After getting inside and bunking down, Rick gives the group a speech that ends with him using the ‘we are the walking dead’ line. This was supposed to be a big moment, but it just felt kind of dumb. Even when it was used in the comics (issue #50), it seemed incredibly obvious and way too self-referential.
I was much more moved by Maggie’s questioning about why the walker they found hadn’t shot herself before turning. When Carol responded that some people don’t give up (like them), it was a lot more effective.
Later that night, the storm really begins to rage (with Judith sleeping right through it). Daryl hears the barn doors start to open, goes to check them, and finds a horde of walkers outside. One by one, the rest of the group joins him in pushing the walkers back. It’s a blatantly obvious symbol for the group fighting together to stay alive, but it does make for a pretty cool looking scene.
Oh yeah, and Judith finally starts crying again.
Here comes the sun (and a whole lot more).
The next morning, Maggie wakes up… wait, wait, wait. How did everyone go back to sleep after that? Did the zombies just give up or something?
Nope. Turns out it was a magic tornado that uprooted trees EXACTLY where they needed to be so that they impaled all the walkers into the ground while not even touching the cabin!
Maggie also receives a regift of the music box Carl gave her from Daryl, only now it’s fixed. She gets Sasha and steps outside to witness the miracle of their survival. The music box breaks the first time she tries it, but that just makes the two most attractive women left in the world (both before and after the zombie apocalypse) laugh. Yes, it seems two of our most hurt and broken down characters are finally deciding that life might be worth living…or surviving, at least.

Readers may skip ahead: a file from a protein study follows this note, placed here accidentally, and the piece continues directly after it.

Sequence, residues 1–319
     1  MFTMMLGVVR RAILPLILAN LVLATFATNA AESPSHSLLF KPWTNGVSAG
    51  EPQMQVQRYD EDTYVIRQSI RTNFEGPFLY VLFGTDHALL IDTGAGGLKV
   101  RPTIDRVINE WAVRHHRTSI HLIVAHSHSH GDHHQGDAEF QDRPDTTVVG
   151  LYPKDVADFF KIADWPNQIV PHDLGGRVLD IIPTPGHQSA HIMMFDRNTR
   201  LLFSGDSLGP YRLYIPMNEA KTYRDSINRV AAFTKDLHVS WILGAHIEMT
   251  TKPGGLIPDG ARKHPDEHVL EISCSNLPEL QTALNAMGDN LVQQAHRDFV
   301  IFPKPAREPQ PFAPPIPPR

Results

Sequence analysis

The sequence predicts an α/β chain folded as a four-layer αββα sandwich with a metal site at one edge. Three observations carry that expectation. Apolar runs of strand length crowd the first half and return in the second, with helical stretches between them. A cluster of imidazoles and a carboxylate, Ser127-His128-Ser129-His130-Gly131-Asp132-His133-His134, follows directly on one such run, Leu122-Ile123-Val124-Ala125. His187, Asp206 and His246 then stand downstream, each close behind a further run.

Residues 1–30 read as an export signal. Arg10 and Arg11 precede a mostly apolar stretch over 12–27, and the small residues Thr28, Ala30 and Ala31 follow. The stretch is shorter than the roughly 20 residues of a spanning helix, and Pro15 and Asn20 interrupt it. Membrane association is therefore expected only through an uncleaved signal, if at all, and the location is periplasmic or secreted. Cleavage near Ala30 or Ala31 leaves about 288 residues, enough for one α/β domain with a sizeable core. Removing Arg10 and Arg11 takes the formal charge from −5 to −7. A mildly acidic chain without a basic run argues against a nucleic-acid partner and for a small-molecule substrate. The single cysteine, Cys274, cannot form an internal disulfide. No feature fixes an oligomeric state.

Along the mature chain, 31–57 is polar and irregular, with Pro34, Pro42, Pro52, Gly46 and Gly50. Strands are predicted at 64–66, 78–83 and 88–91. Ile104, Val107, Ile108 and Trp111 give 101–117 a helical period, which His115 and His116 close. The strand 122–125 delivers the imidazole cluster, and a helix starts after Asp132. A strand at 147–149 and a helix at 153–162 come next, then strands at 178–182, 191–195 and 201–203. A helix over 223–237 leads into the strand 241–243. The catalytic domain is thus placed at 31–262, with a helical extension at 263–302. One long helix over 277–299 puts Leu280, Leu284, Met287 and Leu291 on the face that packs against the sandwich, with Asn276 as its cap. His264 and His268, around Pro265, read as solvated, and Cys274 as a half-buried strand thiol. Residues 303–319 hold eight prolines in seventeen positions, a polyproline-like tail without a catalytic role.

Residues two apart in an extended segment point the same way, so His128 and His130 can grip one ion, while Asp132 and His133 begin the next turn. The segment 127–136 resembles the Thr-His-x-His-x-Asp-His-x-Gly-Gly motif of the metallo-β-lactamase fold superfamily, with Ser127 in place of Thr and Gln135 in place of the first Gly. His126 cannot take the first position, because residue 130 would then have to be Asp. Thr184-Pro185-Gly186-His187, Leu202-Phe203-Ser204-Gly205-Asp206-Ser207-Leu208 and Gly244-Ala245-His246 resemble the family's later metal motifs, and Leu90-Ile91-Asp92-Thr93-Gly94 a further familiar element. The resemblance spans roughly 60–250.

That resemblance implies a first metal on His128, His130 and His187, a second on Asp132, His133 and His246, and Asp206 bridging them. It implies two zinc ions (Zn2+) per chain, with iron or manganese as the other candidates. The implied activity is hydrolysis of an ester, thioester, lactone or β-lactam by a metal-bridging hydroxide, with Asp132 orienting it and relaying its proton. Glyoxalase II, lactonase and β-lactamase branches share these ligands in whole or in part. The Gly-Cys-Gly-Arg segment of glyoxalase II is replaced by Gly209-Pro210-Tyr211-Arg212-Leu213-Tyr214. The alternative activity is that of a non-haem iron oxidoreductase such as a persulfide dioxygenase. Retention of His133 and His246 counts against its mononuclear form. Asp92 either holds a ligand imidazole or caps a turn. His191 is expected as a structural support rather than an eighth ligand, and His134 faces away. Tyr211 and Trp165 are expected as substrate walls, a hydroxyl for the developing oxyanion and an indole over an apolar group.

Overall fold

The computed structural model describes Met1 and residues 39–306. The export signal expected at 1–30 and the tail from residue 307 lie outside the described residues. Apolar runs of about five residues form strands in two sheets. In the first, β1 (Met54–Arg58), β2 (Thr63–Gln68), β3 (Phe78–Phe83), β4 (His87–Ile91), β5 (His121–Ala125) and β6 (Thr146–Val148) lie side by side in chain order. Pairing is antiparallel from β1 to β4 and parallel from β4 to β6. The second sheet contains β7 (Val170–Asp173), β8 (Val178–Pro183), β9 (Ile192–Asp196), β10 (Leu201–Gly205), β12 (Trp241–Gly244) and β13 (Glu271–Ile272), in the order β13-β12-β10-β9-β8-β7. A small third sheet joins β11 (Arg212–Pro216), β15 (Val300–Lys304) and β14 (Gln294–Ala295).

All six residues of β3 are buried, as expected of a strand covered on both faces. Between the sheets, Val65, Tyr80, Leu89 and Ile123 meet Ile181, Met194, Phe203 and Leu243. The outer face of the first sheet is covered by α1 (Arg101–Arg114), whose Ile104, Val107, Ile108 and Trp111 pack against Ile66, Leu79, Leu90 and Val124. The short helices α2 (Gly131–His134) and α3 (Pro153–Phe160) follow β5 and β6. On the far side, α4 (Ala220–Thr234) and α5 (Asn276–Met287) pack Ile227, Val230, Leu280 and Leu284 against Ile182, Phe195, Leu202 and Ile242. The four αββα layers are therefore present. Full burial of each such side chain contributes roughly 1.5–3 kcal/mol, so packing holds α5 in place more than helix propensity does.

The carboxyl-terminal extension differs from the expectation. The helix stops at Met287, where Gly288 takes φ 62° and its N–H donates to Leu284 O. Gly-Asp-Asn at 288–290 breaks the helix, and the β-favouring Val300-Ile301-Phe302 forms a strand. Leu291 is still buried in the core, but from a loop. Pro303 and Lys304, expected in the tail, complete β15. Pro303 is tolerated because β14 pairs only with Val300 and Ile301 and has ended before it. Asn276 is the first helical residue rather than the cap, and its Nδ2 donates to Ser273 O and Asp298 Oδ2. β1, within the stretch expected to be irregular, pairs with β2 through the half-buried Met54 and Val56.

That’s when someone else shows up, strangely clean, a little too friendly, and knowing exactly who Rick is. The music box begins playing again. End scene.
Seriously? I skipped the SNL 40th Anniversary Special for this?
On one hand, I appreciate that the show finally gave us a harsher look at the actual survival aspect of what the characters have to deal with. On the other, there was more anger-filled mumbling than a bad film student production.
Also, I really can’t see how anyone who has been watching this show (even without the benefit of reading the comics) could thinking Rick’s ‘we are the walking dead’ quote was a new or earth shattering revelation. That’s what the whole damn show has been about!
And I’m still not over the fact that Judith hardly ever cries (unless it gives Psycho Lizzie a good reason to smother her). Keeping a baby in a situation like this was a brave choice by the show’s creators. But if you’re going to do that, you can’t have her become a cabbage patch doll the entire time while the adults barely struggle to keep it together.
This one did have some cool moments: The Carol/Daryl kiss, Abraham still protecting Eugene, the Maggie/Carol talk, etc. But overall it was just one long, drawn out trek to a great and promising cliffhanger…which is probably a lot what their fictional daily lives are like. That doesn’t make for very good television, though.